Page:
Some insightful research led Krush to her opening choice. “I knew [she] was a very active player. Equal positions are not her thing. Eventually she pushed forward and I was able to push back.” Krush said the risk was getting a stale position without winning chances, but that a draw on board one with black is not a bad result.
Like the men, the U.S. women have a long history with their Baltic opponents, often in the same point in the tournament. In both the 2006 and 2010 Olympiads, the two teams battled, also in round two. They also squared off in 1992 and 1994. The U.S. won these four encounters, but the Americans had some demons to exorcise in Turkey - in Istanbul in 2000 the match ended tied 1.5-1.5.
“I cannot remember a single time playing them,” Krush said. “I don't remember the early rounds well!”
IM Anna Zatonskih had the day off today. She planned to go sightseeing in the afternoon. She is seen here with Onischuk and Donaldson, returning on the metro after some morning shopping.
It remains to be seen who will get a rest tomorrow. Captain Michael Khodarkovsky may wish to follow suit with Donaldson and rest Krush, saving a top player for later rounds. If he does not, she will have black three times in a row.
Grumblings still remain about certain aspects of the organization. Krush and Robson both complained about the lack of reliable web access in the hotel. “That's a big deal for chess players,” Krush said. The hotel did issue local hotspot USB cards, but only one per team. Krush said coffee in the hotel cost 10 Turkish Lira, about $6. Krush enjoys sightseeing and immersing herself in the cities she competes in (she recently published the first of several pictorial reports from a tournament in Georgia).
Krush elaborated. “Comparatively, Bled, Mallorca and Dresden were wonderful. I mean, we're by the airport. There's no place to walk. It's like having it in some backwater place.”
There is a modest outlet mall just behind the Americans' hotel, but to reach it on foot (which the hotel staff discourages), you must be willing to hike through a trash-filled dirt footpath and cross a rusted footbridge that traverses a river of pungent wastewater. The trip takes 15 minutes to travel about 100 meters in total. “I'm not quick to be critical, but some things are just basic,” Krush said. She said the hotel room and food were both reasonable.
Robson had no complaints on the location. “I'm not a big touristy person,” he said. But his tribulations are of another sort. The bathroom for male players is a collection of portable toilets that are actually outside but within the security area. Robson reported having to wait each time he visited them during his games (the women have a proper restroom that can be used inside the playing hall).
Due to the design of the ballroom, male spectators and other officials have a regular bathroom to use outside the secure area. Each urinal has a unique chess study to solve. Here was mine today:
Coffee, tea and water are still not available to competitors inside the playing area. Khodarkovsky has been making runs to the coffee machine while Donaldson, lugging a backpack that must be at least 30 pounds, packs a heavy thermos for his players. One top player, an IM who plays board one for his country, said that in his 11 previous Olympiads, he has never had tea and water not available to the players. He said this was a contributing factor in his long game yesterday.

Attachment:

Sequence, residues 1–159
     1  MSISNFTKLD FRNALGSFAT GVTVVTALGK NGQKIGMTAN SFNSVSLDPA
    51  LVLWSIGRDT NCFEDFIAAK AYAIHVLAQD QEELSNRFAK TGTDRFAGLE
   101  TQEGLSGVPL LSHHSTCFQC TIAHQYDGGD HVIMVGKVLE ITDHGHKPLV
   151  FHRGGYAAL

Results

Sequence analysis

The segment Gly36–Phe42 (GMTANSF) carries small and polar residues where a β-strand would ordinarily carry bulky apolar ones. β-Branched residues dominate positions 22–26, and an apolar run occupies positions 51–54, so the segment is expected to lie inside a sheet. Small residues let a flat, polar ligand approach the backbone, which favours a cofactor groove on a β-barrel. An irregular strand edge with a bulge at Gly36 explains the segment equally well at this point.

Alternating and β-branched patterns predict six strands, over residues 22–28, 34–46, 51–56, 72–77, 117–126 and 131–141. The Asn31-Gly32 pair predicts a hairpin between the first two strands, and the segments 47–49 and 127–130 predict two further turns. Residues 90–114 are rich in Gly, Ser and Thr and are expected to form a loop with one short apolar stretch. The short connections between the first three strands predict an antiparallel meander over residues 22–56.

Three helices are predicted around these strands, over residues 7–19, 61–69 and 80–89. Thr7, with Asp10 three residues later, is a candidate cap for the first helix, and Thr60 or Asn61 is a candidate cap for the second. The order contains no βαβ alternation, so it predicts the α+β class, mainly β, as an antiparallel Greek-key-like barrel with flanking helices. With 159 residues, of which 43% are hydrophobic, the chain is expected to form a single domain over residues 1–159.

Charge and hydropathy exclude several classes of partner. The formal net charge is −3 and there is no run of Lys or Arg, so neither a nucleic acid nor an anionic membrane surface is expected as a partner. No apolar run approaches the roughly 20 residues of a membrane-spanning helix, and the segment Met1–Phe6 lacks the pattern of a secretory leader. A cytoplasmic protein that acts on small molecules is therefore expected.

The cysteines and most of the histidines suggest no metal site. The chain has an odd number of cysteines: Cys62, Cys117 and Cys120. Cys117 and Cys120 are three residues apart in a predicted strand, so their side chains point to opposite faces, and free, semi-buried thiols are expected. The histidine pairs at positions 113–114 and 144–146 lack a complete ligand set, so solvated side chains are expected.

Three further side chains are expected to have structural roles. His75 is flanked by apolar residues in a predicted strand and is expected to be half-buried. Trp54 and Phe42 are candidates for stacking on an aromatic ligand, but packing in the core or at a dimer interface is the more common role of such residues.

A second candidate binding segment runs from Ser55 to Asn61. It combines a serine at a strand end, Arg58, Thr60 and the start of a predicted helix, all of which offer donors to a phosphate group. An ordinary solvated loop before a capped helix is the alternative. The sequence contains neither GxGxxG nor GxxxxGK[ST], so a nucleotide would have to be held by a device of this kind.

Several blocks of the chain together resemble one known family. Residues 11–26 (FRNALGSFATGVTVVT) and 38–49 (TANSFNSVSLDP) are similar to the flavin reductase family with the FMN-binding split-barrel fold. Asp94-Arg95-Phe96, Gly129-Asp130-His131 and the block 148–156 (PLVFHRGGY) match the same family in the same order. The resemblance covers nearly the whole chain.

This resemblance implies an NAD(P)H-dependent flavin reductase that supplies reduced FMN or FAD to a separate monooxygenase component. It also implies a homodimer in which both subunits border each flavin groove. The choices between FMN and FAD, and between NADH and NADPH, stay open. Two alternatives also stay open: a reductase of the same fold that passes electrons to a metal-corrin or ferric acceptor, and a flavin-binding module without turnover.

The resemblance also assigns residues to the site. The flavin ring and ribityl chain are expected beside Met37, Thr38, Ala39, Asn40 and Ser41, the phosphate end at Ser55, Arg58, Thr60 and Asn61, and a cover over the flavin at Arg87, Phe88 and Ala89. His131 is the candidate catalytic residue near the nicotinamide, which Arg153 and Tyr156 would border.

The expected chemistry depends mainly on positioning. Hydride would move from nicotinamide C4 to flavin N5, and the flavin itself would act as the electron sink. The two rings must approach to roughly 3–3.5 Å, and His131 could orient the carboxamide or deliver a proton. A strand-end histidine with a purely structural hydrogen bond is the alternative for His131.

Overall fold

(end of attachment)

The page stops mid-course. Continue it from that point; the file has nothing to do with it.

Officials are still carefully guarding access to the playing hall. Those with credentials must pass several checkpoints to enter, and twice today I had security twist my lanyard to verify the proper accreditation, even though I was well into the tournament hall. At present, USCF President Ruth Haring is still being denied access to the playing hall. As reported by Chessvibes, one Russian journalist was refused any credentials, even as a spectator, ostensibly because of previous criticisms of the Turkish organizers.
In other American chess news, GM Susan Polgar gave a press conference and talked about her recent move to Webster University in St. Louis. She said her program has eight grandmasters, five of which are in Istanbul representing five different federations (Robson, an incoming freshman, is one of them).
She said Webster has more than 100 satellite campuses all over the world, including the Netherlands, China and Thailand. Most of the domestic campuses are located on military bases. “It is a wonderful opportunity to further grow,” she said. “We are planning events on international campuses.”
Next month her traditional Spice Cup will make its inaugural St. Louis debut, this time with an open section to accompany the round-robin, which she expects will be either Category 17 or 18. “I am trying to do a lot to develop chess and promote chess, and inspire. I don’t always succeed but my heart is in the right place.”
Polgar said it is her first time in Turkey. “I think they are a great example to the rest of the countries for how to promote chess in schools. As you can see by Turkey23, they are planning ahead.”
The team being referenced is a squad of gum-chewing and candy-craving eight-year-olds, who are competing in Istanbul and being tapped to lead their country in the next decade.
Tomorrow the American men play Black vs Venezuela while the women will face Uzbekistan with White. Update 8/31/2012: The US men defeated Venezuela 3.5-0.5 while the women drew Uzbekistan. The official site for live games and standings is www.chessolympiadistanbul.com. Find FM Mike Klein's next report after four rounds on Friday.